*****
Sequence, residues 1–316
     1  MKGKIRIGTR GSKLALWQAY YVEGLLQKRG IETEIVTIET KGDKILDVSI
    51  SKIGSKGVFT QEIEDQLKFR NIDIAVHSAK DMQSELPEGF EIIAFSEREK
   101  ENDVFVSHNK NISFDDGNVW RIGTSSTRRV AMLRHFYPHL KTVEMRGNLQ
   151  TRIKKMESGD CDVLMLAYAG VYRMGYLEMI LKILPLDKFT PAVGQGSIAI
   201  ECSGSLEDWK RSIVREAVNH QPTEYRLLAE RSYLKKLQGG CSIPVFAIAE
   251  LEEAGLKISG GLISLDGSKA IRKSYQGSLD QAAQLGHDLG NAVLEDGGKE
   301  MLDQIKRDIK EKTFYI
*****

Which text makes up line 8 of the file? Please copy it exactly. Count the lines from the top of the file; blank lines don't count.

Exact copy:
   301  MLDQIKRDIK EKTFYI